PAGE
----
Vyvanse metabolism is just like a biochemical reaction. It is a pro-drug, and any pro-drug gets absorbed easily. Still, lisdexamfetamine causes problems to the digestive organs because of the way it works. These problems are secondary conditions of various drugs. However, lisdexamfetamine mechanism of action has a long-lasting impact on the digestive organs.
Mechanism Of Action In The Reproductive System
The reproductive organs are quite sensitive to the effects of various drugs, and lisdexamfetamine is not an exception. Referring to the male reproductive health, Vyvanse mechanism of action can alter spermatogenesis. Erection naturally happens due to testosterone. A healthy male may expect 2 to 5 erections while sleeping, each lasting for 25 to 35 minutes. Vyvanse metabolism may disturb the erection cycle. In this case, a male can experience ejaculatory dysfunction, as well as Vyvanse hypersexuality.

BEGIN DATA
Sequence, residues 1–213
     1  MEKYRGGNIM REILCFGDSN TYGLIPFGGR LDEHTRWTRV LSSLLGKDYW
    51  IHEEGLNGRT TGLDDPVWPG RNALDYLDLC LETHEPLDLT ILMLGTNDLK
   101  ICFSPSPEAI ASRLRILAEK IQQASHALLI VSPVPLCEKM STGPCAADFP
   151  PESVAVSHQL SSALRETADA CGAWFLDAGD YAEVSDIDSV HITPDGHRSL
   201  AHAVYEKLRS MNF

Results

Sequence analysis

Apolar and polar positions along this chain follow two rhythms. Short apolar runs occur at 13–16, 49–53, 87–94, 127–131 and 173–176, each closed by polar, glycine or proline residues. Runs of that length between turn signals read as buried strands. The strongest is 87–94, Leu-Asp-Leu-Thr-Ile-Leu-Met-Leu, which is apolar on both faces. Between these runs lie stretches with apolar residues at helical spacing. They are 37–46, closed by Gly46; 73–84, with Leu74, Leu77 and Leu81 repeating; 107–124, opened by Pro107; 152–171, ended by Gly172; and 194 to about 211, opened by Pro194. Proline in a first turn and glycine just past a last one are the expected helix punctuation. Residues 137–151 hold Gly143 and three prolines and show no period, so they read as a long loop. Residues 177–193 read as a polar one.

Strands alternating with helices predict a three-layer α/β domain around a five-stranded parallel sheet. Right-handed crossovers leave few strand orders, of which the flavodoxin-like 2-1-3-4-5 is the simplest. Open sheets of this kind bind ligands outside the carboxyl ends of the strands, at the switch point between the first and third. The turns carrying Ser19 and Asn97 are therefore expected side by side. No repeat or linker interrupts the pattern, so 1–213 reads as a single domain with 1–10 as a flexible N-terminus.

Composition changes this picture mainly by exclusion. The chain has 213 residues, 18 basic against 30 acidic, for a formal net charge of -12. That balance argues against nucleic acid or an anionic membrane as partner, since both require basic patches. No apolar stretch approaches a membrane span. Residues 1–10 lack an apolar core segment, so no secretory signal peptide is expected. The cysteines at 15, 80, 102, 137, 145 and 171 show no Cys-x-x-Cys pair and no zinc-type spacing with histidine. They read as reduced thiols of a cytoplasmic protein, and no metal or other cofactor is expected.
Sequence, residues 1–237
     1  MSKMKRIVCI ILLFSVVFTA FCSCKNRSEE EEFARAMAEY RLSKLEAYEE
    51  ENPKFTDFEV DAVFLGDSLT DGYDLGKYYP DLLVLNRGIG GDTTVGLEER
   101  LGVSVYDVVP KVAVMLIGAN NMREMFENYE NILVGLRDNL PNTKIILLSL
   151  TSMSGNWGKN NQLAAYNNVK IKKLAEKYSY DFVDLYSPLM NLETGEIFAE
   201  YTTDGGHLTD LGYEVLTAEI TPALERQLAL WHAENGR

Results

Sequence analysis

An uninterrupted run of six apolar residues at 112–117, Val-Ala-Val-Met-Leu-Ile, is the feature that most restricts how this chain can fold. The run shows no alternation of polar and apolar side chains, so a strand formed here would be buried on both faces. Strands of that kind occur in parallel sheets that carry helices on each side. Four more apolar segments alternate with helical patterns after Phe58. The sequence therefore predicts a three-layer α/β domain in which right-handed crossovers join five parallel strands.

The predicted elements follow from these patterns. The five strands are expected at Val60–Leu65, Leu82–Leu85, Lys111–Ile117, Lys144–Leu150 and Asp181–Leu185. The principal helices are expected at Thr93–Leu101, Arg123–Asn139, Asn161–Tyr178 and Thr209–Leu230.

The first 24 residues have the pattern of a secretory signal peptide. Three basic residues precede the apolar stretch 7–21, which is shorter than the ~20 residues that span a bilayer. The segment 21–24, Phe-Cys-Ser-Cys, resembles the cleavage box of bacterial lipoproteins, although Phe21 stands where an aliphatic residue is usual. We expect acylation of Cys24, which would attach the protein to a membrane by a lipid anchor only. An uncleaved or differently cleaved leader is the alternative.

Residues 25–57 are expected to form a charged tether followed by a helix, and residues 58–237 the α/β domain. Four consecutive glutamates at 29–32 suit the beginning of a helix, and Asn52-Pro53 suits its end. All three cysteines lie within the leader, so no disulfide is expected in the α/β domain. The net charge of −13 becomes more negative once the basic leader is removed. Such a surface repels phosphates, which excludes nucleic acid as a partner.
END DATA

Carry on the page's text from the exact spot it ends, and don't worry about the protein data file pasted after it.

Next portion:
Similarly, a pregnant female should be aware of how lisdexamfetamine works. Amphetamines can pass through breast milk, so Vyvanse and pregnancy are to be taken seriously.
Although human reproduction studies of lisdexamfetamine have not been performed, the impaired reproduction in animals is confirmed.
Stay Aware Of How Lisdexamfetamine Works
Vyvanse works as a typical pro-drug. Namely, it contains inactive elements which become active only in the human body. Being an easy absorbed and not frequently taking medication, many users willingly switch to lisdexamfetamine. These users describe the experience with this drug as much smoother.
- How is Vyvanse Delivered Within the Body?, https://www.vyvansepro.com/adhd/adult-adhd/mechanism-of-delivery/
- Benno Roesch, Mary E. Corcoran, Jennifer Fetterolf, Mary Haffey, Patrick Martin, Peter Preston, Jaideep Purkayastha, Phillip Wang, James Ermer, Pharmacokinetics of Coadministered Guanfacine Extended Release and Lisdexamfetamine Dimesylate, https://www.ncbi.nlm.nih.gov/pmc/articles/PMC3689918/
- Jadwiga Najib, Dexter Wimer, Julie Zeng, Kristina W Lam, Natalya Romanyak, Eva Paige Morgan, Anu Thadavila, Review of Lisdexamfetamine Dimesylate in Adults With Attention-Deficit/Hyperactivity Disorder, https://www.ncbi.nlm.nih.gov/pmc/articles/PMC5571766/